It would be difficult to write a review of this year’s Nuri Bilge Ceylan Cannes film in the space we normally intend for this type of article in Screen Comment. Our reviews are usually about 350 words and this word count just would not do it justice (plus, there’s always another movie to go watch during Cannes). Instead, I’ll give some impressions of it, by far my favorite one in this 67th edition of the Cannes Festival, and expand on this later (especially that I had planned on a second viewing before the end of the festival–overly ambitious? Maybe).
“Winter sleep” is the story of a retired actor-turned-hotelier Aydin (Haluk Bilginer) who runs a B&B in Anatolia with his sister and his wife (the striking Melisa Sözen), and coming to terms with the fact that he and his beautiful, and younger, wife have outlived their marriage. They are no longer a loving couple, although we are given hints that they used to be (she was a debutante and he was a very well-known theater actor, they met, they got married).
Bilge Ceylan has accomplished a near-miracle: he has written and directed a superb and well-paced film and peopled it with compelling characters whose tortured personalities are allowed to develop over the arc of the entire film. As in his previous films, Ceylan strikes a contrast between the vastness of the Anatolian mountain region and the intimacy of his characters’ development.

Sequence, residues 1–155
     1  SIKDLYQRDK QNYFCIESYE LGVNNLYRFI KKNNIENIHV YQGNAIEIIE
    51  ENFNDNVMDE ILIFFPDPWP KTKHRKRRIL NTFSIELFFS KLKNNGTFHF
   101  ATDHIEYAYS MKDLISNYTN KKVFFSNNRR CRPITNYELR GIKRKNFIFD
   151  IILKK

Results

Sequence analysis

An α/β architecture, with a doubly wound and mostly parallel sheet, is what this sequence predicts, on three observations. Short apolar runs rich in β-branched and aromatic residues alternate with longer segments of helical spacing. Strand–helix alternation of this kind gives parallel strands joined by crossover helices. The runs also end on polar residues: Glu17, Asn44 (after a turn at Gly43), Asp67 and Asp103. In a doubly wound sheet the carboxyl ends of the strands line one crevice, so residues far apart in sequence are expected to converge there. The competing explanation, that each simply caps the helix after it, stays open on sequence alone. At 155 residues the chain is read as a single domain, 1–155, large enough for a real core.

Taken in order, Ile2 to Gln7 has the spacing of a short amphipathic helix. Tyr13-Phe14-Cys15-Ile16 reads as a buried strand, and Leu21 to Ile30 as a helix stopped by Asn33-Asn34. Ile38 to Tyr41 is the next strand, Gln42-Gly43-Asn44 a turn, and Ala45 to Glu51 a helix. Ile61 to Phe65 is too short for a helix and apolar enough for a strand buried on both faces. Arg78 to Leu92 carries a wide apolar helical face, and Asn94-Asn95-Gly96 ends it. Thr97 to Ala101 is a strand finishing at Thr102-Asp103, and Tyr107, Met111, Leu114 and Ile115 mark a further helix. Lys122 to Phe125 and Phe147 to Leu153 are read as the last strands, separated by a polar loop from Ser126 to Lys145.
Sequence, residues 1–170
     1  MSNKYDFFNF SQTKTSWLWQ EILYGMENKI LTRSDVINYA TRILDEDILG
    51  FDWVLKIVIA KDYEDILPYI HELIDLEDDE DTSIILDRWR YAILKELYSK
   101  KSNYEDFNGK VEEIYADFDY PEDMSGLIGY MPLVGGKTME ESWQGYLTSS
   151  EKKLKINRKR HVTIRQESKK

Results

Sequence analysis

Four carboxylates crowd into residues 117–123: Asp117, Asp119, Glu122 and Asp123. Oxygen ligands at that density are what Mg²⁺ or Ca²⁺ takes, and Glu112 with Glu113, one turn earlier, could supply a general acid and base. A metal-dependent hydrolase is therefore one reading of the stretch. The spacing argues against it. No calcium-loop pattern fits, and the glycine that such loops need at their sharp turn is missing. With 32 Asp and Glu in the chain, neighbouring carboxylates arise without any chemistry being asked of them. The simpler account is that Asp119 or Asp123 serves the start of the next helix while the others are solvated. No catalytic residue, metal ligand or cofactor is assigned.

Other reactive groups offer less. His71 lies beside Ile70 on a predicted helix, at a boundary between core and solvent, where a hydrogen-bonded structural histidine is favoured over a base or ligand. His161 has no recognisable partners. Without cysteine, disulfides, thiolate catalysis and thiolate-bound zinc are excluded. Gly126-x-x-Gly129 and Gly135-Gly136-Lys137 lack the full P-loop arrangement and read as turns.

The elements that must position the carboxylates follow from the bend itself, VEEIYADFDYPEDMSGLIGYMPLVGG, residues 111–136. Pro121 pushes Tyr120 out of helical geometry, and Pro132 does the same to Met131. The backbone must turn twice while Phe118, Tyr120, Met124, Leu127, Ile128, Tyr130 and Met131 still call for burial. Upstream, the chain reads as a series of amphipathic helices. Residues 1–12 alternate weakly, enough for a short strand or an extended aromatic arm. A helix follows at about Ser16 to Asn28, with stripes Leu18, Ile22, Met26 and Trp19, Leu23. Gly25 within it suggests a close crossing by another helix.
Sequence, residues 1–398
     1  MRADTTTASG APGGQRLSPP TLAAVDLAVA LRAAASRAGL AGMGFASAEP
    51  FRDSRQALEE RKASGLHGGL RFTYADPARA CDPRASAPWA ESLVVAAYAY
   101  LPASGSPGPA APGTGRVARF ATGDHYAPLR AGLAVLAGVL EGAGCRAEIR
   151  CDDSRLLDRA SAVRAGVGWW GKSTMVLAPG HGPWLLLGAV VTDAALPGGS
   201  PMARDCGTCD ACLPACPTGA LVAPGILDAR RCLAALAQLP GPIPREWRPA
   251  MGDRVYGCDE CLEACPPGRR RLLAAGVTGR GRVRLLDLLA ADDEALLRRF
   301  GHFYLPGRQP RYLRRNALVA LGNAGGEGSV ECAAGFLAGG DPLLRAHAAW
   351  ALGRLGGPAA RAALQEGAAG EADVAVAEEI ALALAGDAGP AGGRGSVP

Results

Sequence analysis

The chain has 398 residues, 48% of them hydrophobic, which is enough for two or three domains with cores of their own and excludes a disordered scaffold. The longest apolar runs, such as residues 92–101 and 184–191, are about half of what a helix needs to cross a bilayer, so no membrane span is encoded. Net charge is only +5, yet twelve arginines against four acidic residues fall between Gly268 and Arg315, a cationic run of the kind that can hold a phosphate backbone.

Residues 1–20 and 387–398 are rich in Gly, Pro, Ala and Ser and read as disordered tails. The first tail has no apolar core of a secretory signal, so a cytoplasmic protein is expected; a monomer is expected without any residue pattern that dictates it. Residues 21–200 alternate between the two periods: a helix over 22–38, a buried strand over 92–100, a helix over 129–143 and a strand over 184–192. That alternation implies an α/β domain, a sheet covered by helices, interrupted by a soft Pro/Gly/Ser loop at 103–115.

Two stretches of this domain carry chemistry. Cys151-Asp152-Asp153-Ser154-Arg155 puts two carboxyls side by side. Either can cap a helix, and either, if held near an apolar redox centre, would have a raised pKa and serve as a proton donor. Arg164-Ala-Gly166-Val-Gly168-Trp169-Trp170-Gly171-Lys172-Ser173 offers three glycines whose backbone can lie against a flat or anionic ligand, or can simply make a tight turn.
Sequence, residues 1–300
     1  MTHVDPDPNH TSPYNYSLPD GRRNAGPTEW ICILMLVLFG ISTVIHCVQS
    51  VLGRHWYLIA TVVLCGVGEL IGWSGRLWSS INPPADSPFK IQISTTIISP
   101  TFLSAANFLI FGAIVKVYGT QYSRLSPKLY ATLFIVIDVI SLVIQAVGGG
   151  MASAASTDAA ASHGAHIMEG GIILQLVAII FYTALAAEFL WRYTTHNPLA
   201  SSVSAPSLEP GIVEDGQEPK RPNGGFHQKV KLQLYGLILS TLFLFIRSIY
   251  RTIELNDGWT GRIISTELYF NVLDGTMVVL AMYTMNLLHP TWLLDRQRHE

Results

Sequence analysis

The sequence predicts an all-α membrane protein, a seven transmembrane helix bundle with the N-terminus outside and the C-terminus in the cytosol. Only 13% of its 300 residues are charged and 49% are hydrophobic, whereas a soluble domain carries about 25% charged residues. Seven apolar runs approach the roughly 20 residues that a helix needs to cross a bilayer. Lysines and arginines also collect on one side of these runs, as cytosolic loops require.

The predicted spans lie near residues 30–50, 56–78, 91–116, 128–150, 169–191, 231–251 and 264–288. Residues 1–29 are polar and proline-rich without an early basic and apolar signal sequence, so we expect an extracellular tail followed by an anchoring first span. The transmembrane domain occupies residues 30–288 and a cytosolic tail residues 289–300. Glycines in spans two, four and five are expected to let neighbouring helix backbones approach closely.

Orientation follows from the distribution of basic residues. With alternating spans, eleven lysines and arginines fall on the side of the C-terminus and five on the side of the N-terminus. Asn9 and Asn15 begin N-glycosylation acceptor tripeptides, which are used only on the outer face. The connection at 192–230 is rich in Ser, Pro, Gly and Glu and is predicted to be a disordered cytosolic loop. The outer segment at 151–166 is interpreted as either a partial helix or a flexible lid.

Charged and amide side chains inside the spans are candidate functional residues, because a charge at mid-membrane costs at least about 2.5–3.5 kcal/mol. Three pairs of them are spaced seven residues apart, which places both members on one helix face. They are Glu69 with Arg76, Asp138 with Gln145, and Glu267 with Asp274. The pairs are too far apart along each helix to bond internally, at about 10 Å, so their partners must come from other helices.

We are allowed to peer deeply within these characters’ psyches, Ceylan peeling away at their flaws and their regrets and also their ambitions in a deliberate but also subtle manner. As in his previous films seasons provide the pacing, with winter’s snows slowly covering the surrounding mountains and making passage ever more difficult for the hotelier, his aide and their guests. The more the snow falls (it eventually becomes a snow storm), the more the family becomes torn apart.
Ceylan has stuck to a leitmotiv throughout his films, including this new one: the enormous strain put up by men in the pursuit of their efforts, without ever surrendering, in spite of their loneliness, sadness, at times, and the tragicomic turns of events that thrust them towards their fate. “Winter Sleep” has a lot more dialogue than previous Ceylan films, some long conversations on charity, the differences between the rich and the poor or the distinction between religious and secular people yielding some funny moments. It is a highly-refined human study, free of manufactured sentiment or cliches. It’s also the talkiest Ceylan film, ever.
The thing about Ceylan is, he does not try to lure us in–in fact, he probably doesn’t care all that much about the audience. He tells a story that’s set within a difficult context (a handful of people stuck in a hotel in the mountains under a snow storm) and he has told it like no one else has thus far in this festival. And given the length and the ambition of the project, I’ll wager that this film will not find an equal in this year’s selection.